How to pay as you go and without debt
By Michael Schneider, President
About one in six Americans has student debt. Even more alarmingly, about 20 percent of those in debt are over the age of 50 – parents and grandparents are spending their retirement nest egg to pay off their families’ college loans. Student debt permeates generations.
Kenajah Upchurch, a sophomore business management student in Houston, didn’t want to go into heavy debt on her family. Self-proclaimed “budget person,” Kenajah recognized McPherson College Student debt project as a way to finish college with a pay-as-you-go plan. She joined the project this academic year because, she says, “it appeals to my business acumen. I am ready to work now so that I can relax later.
The Student Debt Project combines financial literacy training, jobs, mentorship, and college matching funds to help students eliminate their need for loans. Kenajah is one of some 170 students currently participating in the program, all on track to graduate with little to no student debt.
And it works, even during a pandemic.
Despite the fact that COVID-19 shortened their work schedules this spring, students participating in the 2019-20 Student Debt Project were able to reduce their expected student loan debt, on average, by $ 10,000 each. That’s over 30 percent of debt reduction expected at graduation in just a few months in the project.
In the United States, the average student loan debt upon graduation is $ 29,076. That’s only slightly lower here in Kansas, where 58% of the Class of 2019 left their respective public and private college campuses with an average debt of $ 27,216 per graduate. Making average payments of around $ 200 per month, it takes most Kansas graduates – and / or their parents and grandparents – over 11 years to pay off their student loans.
But it doesn’t have to be like that.
By the end of the 2020-2021 academic year, over 200 McPherson College students will participate in the Student Debt Project, each assigned to one of 40 mentors who offer monthly budget advice. , setting personal and financial goals and staying on track to achieve them. Our Career Services office helps every student find paid internships or other part-time jobs to help them pay off their debt. And this year, students have already reduced their projected average debt at graduation to 35% below the national average.
As an added incentive, McPherson College contributes 25 cents for every dollar students earn and apply toward their college debt.
Kenajah – who balances her education while continuing to play women’s basketball and work part-time as a campus guidance manager, volleyball line coach and Wal-Mart clerk – says the extra 25 cents gives her a bit of a break from her budget and means she doesn’t have to work so many hours or sacrifice study time for work.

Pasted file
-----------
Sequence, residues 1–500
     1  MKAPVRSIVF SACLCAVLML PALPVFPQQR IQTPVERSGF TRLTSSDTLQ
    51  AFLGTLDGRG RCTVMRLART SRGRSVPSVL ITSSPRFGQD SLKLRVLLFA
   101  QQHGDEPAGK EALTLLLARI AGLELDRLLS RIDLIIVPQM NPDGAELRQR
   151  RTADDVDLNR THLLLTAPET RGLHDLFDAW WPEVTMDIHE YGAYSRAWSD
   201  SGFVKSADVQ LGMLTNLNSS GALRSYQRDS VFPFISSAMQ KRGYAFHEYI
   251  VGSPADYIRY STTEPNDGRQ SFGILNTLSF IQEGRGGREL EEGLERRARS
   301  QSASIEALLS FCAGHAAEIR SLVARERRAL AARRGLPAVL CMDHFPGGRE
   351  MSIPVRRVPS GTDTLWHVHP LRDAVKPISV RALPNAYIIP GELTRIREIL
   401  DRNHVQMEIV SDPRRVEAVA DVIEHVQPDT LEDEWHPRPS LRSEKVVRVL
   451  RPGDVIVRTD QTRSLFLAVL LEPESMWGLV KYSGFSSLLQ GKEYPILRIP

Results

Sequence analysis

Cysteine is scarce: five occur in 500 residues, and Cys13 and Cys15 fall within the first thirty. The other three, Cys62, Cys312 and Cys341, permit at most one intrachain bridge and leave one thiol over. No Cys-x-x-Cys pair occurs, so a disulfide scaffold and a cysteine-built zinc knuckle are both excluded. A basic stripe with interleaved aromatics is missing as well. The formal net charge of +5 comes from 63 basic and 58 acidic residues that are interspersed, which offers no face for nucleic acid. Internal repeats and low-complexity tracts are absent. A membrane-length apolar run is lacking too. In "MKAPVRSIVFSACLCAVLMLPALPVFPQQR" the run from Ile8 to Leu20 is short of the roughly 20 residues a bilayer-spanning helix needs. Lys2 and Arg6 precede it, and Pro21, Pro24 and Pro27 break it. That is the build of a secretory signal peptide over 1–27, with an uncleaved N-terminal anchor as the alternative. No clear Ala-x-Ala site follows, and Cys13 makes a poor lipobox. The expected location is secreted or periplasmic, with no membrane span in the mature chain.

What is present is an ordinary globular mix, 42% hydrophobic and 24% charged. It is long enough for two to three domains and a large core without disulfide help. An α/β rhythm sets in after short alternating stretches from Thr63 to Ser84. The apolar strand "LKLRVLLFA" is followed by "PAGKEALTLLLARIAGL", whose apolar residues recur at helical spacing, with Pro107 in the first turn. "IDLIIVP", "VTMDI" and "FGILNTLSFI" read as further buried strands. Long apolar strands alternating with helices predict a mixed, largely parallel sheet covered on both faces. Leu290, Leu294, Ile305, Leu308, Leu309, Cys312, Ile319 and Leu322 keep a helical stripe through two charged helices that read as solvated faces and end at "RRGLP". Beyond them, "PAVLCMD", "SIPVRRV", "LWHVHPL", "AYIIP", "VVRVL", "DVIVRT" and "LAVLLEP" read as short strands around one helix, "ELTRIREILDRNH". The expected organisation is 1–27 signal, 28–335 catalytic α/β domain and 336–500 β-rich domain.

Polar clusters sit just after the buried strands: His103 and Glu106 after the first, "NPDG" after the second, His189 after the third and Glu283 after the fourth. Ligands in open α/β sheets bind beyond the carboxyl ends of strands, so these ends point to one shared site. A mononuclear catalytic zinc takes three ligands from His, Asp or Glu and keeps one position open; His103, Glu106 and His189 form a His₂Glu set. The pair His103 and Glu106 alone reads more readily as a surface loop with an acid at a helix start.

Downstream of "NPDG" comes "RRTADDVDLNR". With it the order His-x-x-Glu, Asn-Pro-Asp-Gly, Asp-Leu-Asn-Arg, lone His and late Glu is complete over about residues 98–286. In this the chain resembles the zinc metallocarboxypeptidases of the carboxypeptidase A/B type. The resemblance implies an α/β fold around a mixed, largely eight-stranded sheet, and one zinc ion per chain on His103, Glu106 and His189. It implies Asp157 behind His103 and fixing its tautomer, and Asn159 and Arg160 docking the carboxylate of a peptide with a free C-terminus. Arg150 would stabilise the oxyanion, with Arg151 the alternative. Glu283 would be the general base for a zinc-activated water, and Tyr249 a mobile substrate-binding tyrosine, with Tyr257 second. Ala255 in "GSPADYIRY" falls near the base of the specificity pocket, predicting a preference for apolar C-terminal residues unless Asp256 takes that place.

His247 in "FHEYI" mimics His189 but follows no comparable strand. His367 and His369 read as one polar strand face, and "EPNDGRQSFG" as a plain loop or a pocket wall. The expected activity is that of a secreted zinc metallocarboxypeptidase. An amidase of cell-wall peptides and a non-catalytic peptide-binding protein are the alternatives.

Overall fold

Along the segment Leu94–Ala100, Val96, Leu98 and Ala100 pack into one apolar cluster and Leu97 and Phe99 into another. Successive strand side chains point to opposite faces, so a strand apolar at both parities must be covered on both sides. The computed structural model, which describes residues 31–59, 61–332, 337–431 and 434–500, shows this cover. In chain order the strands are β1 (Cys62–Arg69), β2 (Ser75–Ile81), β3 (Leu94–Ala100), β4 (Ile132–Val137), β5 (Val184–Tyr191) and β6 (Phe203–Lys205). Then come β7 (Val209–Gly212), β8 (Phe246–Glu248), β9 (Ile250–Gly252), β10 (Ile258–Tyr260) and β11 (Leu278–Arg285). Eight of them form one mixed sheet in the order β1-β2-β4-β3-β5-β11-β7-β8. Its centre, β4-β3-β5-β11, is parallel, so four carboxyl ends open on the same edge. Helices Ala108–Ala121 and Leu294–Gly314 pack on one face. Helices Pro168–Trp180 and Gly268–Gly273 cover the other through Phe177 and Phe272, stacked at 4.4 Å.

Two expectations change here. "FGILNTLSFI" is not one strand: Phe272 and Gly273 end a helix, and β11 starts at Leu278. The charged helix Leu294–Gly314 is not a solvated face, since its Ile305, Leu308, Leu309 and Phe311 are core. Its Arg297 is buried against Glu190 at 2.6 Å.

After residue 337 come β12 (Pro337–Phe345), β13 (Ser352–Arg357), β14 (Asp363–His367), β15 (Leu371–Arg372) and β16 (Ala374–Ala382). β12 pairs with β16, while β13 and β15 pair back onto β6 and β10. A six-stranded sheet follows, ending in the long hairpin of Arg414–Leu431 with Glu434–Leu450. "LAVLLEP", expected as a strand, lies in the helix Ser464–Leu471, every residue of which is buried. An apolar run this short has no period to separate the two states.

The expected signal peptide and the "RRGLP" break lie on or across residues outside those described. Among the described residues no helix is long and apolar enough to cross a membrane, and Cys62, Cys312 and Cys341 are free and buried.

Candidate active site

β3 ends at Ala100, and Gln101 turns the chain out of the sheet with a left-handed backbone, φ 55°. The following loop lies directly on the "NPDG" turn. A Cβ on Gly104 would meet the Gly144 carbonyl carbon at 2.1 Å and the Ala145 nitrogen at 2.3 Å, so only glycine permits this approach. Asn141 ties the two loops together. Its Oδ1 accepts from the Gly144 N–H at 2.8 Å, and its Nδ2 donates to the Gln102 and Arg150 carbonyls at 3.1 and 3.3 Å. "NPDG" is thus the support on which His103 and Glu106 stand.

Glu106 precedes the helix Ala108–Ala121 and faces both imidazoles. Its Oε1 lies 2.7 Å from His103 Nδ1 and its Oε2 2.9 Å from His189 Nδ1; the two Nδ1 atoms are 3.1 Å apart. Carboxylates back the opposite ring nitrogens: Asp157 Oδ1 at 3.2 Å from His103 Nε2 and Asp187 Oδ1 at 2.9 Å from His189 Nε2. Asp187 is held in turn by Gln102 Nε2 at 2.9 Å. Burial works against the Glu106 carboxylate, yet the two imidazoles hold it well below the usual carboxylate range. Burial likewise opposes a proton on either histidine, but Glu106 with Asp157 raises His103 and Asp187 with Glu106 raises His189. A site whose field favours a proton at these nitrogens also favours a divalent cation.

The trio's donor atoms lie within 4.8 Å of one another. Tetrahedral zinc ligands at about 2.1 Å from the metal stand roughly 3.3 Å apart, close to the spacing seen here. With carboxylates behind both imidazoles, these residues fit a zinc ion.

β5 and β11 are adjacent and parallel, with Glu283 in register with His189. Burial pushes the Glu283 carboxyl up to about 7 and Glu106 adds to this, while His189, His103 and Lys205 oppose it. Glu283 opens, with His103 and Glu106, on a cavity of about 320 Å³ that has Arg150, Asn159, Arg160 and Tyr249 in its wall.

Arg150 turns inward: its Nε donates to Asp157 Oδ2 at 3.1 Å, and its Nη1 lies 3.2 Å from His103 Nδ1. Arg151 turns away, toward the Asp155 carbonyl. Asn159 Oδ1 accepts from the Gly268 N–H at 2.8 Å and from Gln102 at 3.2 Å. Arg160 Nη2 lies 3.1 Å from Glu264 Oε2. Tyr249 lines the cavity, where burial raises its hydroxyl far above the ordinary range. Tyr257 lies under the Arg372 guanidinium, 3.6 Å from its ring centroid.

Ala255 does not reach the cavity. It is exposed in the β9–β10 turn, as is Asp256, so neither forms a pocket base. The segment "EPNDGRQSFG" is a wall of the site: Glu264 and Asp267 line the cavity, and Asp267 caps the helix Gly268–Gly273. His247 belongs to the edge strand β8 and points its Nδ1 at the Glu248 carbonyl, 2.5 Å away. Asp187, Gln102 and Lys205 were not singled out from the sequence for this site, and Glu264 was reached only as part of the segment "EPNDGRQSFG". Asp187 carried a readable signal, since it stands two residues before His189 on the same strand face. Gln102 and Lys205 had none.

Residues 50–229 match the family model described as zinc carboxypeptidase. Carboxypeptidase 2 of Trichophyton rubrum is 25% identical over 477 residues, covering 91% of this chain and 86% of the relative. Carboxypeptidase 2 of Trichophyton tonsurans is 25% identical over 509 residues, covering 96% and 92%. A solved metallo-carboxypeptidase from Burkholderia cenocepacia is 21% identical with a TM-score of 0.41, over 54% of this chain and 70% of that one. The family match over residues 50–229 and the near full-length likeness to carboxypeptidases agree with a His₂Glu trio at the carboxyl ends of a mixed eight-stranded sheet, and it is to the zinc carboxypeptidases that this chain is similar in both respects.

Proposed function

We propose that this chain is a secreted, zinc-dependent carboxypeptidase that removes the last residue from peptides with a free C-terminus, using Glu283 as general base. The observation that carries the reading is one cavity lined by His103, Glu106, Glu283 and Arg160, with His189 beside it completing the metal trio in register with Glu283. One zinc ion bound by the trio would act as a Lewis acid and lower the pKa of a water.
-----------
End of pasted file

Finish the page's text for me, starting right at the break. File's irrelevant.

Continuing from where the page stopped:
“When I look at my future, I am confident that I can start enjoying my life sooner after college without worrying about student debt,” Kenajah told me.
Closing the student loan gap
In student loan parlance, the “spread” is the amount a student will owe upon graduation after all scholarships and personal contributions have been applied. The gap is where most colleges stop their financial aid, leaving students to ask for thousands of dollars in loans to pay off the balance. Sometimes students apply for more loans than they need, which only prolongs the vicious cycle of indebtedness.
The Student Debt Project was designed by McPherson College to close this loan gap, so that students don’t end up with a mountain of debt. We did this because we never take a student’s future well-being – or their future financial health – for granted.
There is no “typical” student or “typical” amount of financial need in our program. Each student enters the Student Debt Project from a different personal and financial perspective. Their family income spans the entire financial spectrum.
And that’s as it should be. Because this program is not just about money.
The Student Debt Project is not just a way to pay off college loan debt before graduation. It’s also about embracing life skills such as budget discipline, time management, goal setting, and the intrinsic value of mentoring – aspects of a college education that will serve students through to. adulthood.
The American ideal of obtaining a college degree is alive and well. But the prospect of grappling with years of student loan debt – stacked on top of pandemic angst – should cause prospective students and their families to think long and hard about their choices. It literally pays off to attend a school like McPherson College, a campus community that not only prepares students academically, but helps them bridge the gap to start a financially healthy, debt-free post-graduation life.